Saturday, July 25, 2009

Easy Kabocha Pumpkin Pudding

We have four different kinds of kabocha pumpkins ripening in our veggie garden now. Again, none of them are for sale. It's just for my family and extended family to eat. Then why do we need to grow so many different kinds? Well, it was dad's curiosity; he wanted to compare the taste and texture to pick his "favorite(s)." As a result, we have been eating simmered kabocha VERY often lately, and as you can imagine, I was getting sick of it.

Then this recipe (Japanese) came into my life and saved me. It's an easy pumpkin pudding (or "flan") recipe which doesn't require pressing the pumpkin mash through a strainer. All you have to do is to puree it in an electric blender with other ingredients, and I liked that very much. (Well, to be precise, the original recipe tells you to blend eggs and cream in a separate bowl and then mix with the pumpkin puree mixture made in the blender. And the pudding mixture needs to be strained through a strainer once, but it's no big deal.)

Baking in the oven

I had to admit that the texture was not quite smooth, but it was tolerable. And the taste was pretty good even though I substituted heavy cream with vegetable whipping cream and milk with soy milk so that dad can eat the pudding. The substitution was worth it because he ate it and loved it so much. Perhaps this pudding was the most successful dessert I've ever made here... Both my parents and even mom's tea ceremony students loved it.

* Sorry, there was a mistake in what I wrote about the instruction in the original recipe. I fixed it.

(Added Jul. 29, 2009)

I guess I have been using the word "pudding" quite loosely. But if what I just read on this site is right, I think this dessert should be called "flan" instead of "pudding." This IS quite thick and firm.


Tindy said...

That's fantastic, Obachan! :) It looks delicious, too. I need to learn how to make purin. :/

And I've never had pumpkin pudding, either!

K and S said...

looks delicious!

Anonymous said...

Wow! A healthier alternative and so well received by your parents and your mum's students. You are really so creative!

jalna said...

That looks wonderful!

Tindy said...

Oh no, Obachan. XD I just noticed, on the top of your page, it says "...interetested in."

Though, I suppose you're 'interestested' in cooking, with all those new recipes you try!

obachan said...

Next time I'm going to try the original recipe without any substitutions.

K & S;

Anonymous commenter;
I shouldn't take what they -- especially mom's students -- say at face value, but it did feel good to hear them say, "Oh, this is good!"

Thank you :)

I had that up there for months!
Thanks for telling me. I just fixed it.

Anonymous said...

I have one favour!!
Can you please send me Macaroon's recipe...
I just ate one today, despite what i thought it would taste like, I was shocked by how good it is...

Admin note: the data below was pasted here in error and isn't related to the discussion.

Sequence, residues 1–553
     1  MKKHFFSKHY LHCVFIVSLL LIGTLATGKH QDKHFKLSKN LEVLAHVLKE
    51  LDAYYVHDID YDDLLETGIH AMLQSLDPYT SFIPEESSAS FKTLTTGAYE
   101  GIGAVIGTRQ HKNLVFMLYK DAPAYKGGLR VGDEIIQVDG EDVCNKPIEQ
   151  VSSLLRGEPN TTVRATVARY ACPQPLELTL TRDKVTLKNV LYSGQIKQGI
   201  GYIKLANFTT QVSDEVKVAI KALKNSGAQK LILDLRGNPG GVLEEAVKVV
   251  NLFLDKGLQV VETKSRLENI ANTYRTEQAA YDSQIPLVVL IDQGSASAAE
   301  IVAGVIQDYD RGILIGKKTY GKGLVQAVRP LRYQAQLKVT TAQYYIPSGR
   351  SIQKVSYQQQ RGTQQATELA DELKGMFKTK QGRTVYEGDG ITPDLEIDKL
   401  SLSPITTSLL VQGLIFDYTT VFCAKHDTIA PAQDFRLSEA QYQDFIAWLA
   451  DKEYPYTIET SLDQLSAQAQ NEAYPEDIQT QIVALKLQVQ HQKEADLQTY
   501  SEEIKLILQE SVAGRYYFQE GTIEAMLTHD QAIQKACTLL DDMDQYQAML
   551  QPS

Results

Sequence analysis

so gooey in the middle.. and i remember reading your post once.. It seems difficult... =( and one sells for at least $1.50..

tina said...

I used to love daikon covered in kabocha paste and the result was very sweet takuan. My aunt used to make it but I never got the recipe from her and I regret it now!

Anonymous said...

The substituition sounds altogether great! I should try the pudding soon. Sadly, I don't own a blender. Do you think mashing it up works?

totoro kaiwa said...



Mora said...

Hi, Obachan. I'm growing Kyoto pumpkin (shishigatani) in my very small garden this summer. If I'm lucky maybe I'll have enough to make your flan. I found this recipe that I think might work for those of us who don't read Japanese:

obachan said...

I guess I used this recipe when I made and posted about it...

Hope you like this recipe.

Daikon covered in kabocha paste?! Now that's different. I wish I could taste it, too.

Anonymous commenter;
Mmmmm... I can't recommend that...

Googleでpudding とflanの違いを調べてみました。これはやっぱり、flanみたいですね。

I didn't know what shishigatani looked like, and just found an image on the net. Wow! What an interesting-looking one! :D

It's very nice of you to post the link. Thanks.

And if someone really wants to try the original Japanese recipe and the babelfish didn't work, feel free to contact me. I'll see what I can do. ;)

Kirsty_girl said...

Thanks for sharing. I'm a huge kabocha fan.

I think it resembles a pudding more than a flan. My mother only made one type of flan so I could have a skewed image.

I can see this becoming a winter favorite. I love cookpad.

totoro kaiwa said...

Obachan,Our grandkids just returned from Japan and told us the rainy season is over. How is your garden?

obachan said...

Kirsty girl;
I don't know how I could survive without cookpad, honestly. But I wish they'd let us use the "sort by ranking" function for free of charge, like Allrecipes does.

Yep, they finally announced the end of rainy season for our area this morning. This was the longest rainy season ever. :( Only one zucchini plant survived and almost all the tomatoes are cracking now...

Wait a second. You said grandkids?! For some reason, I had thought you were in early or late twenties!

Evie said...

That pudding/flan looks amazing! I might have to try the recipe out myself!

obachan said...

It's nothing excellent, but quite nice and easy.


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